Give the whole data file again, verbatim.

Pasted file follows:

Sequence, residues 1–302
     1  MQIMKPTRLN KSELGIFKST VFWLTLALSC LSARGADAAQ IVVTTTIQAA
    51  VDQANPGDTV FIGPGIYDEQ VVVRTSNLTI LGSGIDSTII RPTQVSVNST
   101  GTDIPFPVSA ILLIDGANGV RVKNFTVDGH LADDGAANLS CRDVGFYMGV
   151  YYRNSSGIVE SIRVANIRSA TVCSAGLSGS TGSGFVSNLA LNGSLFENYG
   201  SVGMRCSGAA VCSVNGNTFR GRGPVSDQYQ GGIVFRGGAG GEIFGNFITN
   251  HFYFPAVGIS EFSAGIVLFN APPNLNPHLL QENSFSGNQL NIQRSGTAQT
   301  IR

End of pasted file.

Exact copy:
Sequence, residues 1–302
     1  MQIMKPTRLN KSELGIFKST VFWLTLALSC LSARGADAAQ IVVTTTIQAA
    51  VDQANPGDTV FIGPGIYDEQ VVVRTSNLTI LGSGIDSTII RPTQVSVNST
   101  GTDIPFPVSA ILLIDGANGV RVKNFTVDGH LADDGAANLS CRDVGFYMGV
   151  YYRNSSGIVE SIRVANIRSA TVCSAGLSGS TGSGFVSNLA LNGSLFENYG
   201  SVGMRCSGAA VCSVNGNTFR GRGPVSDQYQ GGIVFRGGAG GEIFGNFITN
   251  HFYFPAVGIS EFSAGIVLFN APPNLNPHLL QENSFSGNQL NIQRSGTAQT
   301  IR